Peter Handke grew up in the village of Griffen, Austria, the son of a Slovenian-Austrian mother and of a German soldier. He attended a boarding school that trained future priests and for a short time studied law at the University of Graz. Suhrkamp, Germany’s premiere literary publisher, published his first and subsequent novels. His early plays, including “Offending the Audience” (four actors on a stage with no set directing epithets at the audience), drew considerable interest. In 1966 he attended the Princeton meeting of the Gruppe 47 and excoriated the august body for what he saw as “a kind of descriptive impotence in contemporary German prose. Unembellished description has become the answer. That is, of course, the cheapest thing literature can be made of.”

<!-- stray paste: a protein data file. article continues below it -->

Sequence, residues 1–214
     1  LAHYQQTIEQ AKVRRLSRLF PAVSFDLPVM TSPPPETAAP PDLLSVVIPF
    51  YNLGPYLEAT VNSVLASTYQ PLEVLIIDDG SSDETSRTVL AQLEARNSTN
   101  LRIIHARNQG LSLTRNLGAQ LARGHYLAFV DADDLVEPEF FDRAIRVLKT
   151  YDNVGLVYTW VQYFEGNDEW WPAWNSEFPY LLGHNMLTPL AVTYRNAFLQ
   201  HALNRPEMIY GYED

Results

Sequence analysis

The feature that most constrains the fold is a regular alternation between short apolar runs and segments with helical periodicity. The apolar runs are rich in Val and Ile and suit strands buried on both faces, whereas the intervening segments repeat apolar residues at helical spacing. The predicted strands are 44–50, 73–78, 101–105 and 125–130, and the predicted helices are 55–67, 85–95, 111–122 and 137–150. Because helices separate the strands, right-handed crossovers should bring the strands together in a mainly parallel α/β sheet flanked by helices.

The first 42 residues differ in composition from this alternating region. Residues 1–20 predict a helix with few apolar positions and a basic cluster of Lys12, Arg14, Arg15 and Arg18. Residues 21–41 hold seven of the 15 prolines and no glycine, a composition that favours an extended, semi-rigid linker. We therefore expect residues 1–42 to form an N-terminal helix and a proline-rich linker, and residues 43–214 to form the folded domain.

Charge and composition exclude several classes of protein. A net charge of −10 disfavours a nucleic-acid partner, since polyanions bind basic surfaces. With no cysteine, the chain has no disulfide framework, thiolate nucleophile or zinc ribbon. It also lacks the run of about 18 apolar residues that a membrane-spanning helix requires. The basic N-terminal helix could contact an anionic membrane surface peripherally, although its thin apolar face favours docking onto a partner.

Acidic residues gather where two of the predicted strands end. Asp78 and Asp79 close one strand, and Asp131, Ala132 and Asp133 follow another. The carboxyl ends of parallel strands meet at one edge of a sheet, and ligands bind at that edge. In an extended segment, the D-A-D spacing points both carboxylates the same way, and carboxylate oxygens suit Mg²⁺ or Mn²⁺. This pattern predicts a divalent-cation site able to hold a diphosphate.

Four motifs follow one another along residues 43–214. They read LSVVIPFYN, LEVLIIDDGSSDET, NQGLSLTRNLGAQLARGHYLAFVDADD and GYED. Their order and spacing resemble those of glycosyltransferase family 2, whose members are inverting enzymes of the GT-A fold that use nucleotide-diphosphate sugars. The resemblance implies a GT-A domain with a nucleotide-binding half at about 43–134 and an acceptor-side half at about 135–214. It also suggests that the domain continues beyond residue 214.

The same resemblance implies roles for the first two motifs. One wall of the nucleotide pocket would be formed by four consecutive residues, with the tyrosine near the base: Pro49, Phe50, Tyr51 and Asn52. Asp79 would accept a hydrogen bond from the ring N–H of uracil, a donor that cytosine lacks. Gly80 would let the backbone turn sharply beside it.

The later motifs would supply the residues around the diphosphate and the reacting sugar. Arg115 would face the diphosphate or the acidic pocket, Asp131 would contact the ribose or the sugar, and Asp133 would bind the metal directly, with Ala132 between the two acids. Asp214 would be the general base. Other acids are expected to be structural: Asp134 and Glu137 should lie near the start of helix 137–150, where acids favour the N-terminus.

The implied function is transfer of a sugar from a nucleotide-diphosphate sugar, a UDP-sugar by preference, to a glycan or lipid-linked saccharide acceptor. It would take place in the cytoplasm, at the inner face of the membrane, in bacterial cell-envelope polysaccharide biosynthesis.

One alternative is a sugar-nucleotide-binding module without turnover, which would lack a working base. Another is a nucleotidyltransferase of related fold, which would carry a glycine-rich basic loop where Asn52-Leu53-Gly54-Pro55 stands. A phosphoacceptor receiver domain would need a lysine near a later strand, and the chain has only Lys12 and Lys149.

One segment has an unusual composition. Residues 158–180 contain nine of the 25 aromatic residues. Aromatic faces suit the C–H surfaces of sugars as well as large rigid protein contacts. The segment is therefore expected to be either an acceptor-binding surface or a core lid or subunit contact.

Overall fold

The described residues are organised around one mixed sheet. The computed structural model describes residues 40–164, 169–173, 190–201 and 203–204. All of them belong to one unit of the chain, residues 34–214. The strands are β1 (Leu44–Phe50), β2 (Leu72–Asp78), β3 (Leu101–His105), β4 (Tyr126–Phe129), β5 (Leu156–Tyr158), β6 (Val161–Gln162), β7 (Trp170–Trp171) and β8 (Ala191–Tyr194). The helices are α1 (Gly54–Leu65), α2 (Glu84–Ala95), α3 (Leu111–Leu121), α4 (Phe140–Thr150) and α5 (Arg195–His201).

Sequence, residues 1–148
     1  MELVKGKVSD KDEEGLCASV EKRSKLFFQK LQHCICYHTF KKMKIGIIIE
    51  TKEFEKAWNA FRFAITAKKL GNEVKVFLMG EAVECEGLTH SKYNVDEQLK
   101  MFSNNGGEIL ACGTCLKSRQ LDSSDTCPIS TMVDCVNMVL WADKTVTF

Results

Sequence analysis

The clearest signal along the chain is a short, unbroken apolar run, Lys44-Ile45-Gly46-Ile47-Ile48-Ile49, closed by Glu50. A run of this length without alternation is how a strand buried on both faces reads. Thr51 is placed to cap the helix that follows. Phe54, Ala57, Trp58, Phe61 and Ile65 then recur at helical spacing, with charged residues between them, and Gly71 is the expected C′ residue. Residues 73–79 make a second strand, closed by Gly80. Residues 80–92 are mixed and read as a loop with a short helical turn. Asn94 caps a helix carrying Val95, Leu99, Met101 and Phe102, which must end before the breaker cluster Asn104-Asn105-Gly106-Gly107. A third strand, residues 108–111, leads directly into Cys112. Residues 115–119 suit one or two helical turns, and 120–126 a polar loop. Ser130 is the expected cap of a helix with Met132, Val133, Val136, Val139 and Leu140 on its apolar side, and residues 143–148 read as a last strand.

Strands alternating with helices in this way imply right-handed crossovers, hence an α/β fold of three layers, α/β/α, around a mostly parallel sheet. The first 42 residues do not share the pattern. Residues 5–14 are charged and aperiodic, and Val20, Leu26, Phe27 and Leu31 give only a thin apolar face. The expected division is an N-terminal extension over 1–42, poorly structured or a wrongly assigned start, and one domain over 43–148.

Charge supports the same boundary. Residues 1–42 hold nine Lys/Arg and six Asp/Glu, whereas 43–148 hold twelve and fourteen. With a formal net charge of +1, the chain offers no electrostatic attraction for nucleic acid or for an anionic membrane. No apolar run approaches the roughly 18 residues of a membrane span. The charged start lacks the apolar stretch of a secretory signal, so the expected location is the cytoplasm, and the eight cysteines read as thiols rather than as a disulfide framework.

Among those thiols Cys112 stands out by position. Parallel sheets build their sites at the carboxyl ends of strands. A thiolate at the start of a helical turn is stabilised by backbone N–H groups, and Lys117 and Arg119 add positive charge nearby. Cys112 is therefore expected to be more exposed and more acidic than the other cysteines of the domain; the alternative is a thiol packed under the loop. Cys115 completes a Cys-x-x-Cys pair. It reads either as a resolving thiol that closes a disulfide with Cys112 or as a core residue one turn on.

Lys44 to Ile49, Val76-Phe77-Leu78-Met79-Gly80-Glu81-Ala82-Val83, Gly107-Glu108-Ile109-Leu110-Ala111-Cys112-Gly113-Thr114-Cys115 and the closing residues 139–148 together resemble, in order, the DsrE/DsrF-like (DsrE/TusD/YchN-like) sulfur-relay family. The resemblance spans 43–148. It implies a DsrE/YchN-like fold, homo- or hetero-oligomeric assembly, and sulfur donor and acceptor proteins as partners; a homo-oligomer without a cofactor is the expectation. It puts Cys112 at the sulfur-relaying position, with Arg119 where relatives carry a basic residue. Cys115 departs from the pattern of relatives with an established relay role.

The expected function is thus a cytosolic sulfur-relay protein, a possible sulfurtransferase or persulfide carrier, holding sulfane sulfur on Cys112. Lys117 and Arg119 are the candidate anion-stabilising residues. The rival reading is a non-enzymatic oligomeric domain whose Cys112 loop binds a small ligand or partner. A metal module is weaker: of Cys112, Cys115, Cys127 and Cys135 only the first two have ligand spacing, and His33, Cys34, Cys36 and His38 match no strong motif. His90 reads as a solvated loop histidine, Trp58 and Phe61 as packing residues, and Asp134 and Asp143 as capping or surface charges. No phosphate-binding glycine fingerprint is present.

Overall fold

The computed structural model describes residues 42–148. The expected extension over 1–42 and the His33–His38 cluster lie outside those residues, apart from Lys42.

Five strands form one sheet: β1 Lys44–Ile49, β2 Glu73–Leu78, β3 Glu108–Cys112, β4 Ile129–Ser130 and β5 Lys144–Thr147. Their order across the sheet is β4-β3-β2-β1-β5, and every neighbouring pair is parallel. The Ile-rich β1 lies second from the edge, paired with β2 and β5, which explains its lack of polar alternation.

Handke’s third novel, The Goalie’s Anxiety at the Penalty Kick, was filmed by a young Wim Wenders, as was Handke’s Wrong Move (author and director discovered the young Nastasia Kinski playing pinball and cast her in the lead). Handke filmed his own The Left-Handed Woman and then his Absence (with Bruno Ganz, his wife Sophie Semin, and his former lover Jeanne Moreau). After his mother committed suicide he explored her life in what many feel is his most moving work, A Sorrow Beyond Dreams. Handke’s novel Repetition takes a young gymnasium graduate across the Austrian/Yugoslavia border in search of his brother lost during the war. Additional plays and novels and collections of aphorisms and essays appeared in quick succession along with translations from English (Walker Percy and Shakespeare), French (Bove, Ponge, Analis, and Modiano), Slovenian (Januš and Lipuš), and Greek (Euripides and Aeschylus). German literary prizes came one after the other and Handke was often spoken of as a good bet for a Nobel Prize.